And despite my children’s books touching on topics of prehistoric life, I’m not a paleontologist.

I care about accuracy in all my work. But although I work hard to get things right in my natural history-informed paleofiction storybooks for kids (Tales of Prehistoric Life, from Kids Can Press), it was probably just a matter of time until some error came to light. That happened when we brought in paleozoologist (and Scientific American blogger) Darren Naish as Science Consultant early in the production cycle for Pterosaur Trouble (the upcoming second book in the series, following Ankylosaur Attack).

Continue reading…

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Tyrannosaur saved by the T.R.O.—for now

by Donald Prothero, May 23 2012

The Mongolian tyrannosaur specimen that was to be auctioned off on May 20.

The buzz was going back and forth among my paleontologist colleagues for weeks: an important tyrannosaur skeleton (Tarbosaurus bataar) that had been poached from Mongolia was scheduled to auctioned off on May 20 in New York City. We paleontologists were all outraged, and spent days signing online petitions, blogging, and sending letters and emails to the appropriate parties, but the tiny scientific community of vertebrate paleontologists in the U.S. (no more than 2000 people) don’t hold any real positions of power beyond a handful of museum curator positions and top professorships. But our activity got the attention of the Mongolian government, and they sent formal letters of protest to the auction house and the American government. All the emails and blog posts were full of anger and despair that such blatant theft could be rewarded with a million-dollar sale. Then, just hours before the auction was to start, a Texas judge issued a Temporary Restraining Order, and it appeared that the the fate of the Mongolian tyrannosaur was put on hold. But the auction house went ahead with the sale anyway, getting a final bid over over $1 million, and arguing that the Texas judge has no jurisdiction over a New York auction house. This occurred, even as the attorney for the Mongolian government was in the auction room with the Texas judge on his cell phone, trying to make himself heard and to get anyone to listen to the judge. The sale went on pending resolution of legal issues, so now it is in limbo for a while until this could be sorted out.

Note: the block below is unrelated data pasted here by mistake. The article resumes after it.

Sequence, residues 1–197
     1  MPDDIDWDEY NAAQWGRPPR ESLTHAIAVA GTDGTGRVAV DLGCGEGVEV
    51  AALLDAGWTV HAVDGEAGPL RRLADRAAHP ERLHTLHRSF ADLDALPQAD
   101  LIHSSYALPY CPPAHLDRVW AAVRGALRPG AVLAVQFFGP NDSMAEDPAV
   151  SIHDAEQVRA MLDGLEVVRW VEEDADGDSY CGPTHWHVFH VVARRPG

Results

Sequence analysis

This story highlights a much bigger problem that most people never hear about: the huge international market in stolen fossils and antiquities. Bit by bit, some governments are becoming better at protecting their national treasures, but the poachers and smugglers are always much better funded and quicker than even Interpol. Not only is there a big black-market trade in stolen artwork and artifacts, but the market in natural objects is equally brazen and profitable. The stories I’ve heard just want to make you cry! Now that all five species of rhinoceros are nearly extinct in the wild, mounted rhino heads in older natural history museums all over Europe have been stolen or defaced just for their valuable rhinoceros horn (worth more than cocaine or gold by the ounce, all because “traditional Chinese medicine” believe rhino horn reduces fever). Famous fossil localities in protected national parks all over the world are brazenly poached by thieves, destroying not only most of the fossils but ruining the locality for its scientific value as well. Museum research collections and even specimens on public display with security guards and video cameras protecting them are stolen or damaged by thieves. One-of-a-kind fossils that are certainly new species and genera and have the potential to revolutionize our understanding of life’s history are seen briefly and then end up on some rich person’s living room. (Lately, one of the biggest problems is the fad among rich Hollywood celebrities like Nicholas Cage and Leonardo di Caprio to have their own dinosaur in their living room).  Even above-board organizations like some major auction houses and the more reputable fossil dealers have to be careful of poached specimens with fraudulent locality data hiding the illegality of their collection. I’ve heard the horror stories from my colleagues who had the proper permits and found an important bone bed on Federal land, only to come back a few days later and someone had plundered the best material and left the rest in broken piles, hacked out of the ground with no attempt to protect the fossil in a jacket—or record the location and stratigraphic horizon of the specimen, which is a big part of its scientific value. It’s common practice now to bury your excavation and hide it once you leave so this doesn’t happen, and I’ve had museums ask me to not publish my GPS coordinates of paleomagnetic sites that also might give away locations of fossil localities. My paleontologist friends in the fossil-rich National Parks are constantly having to spend more and more time planning on how to prevent poaching, and less time doing the science they are better qualified to do. The situation on private land is even messier: although it is usually legal to collect on most privately-held ranches with the consent of the landowner, the story of the tyrannosaur named “Sue” showed that handshake agreements, and disputes over where the specimen was found, and unclear property rights can make those specimens a legal nightmare. Continue reading…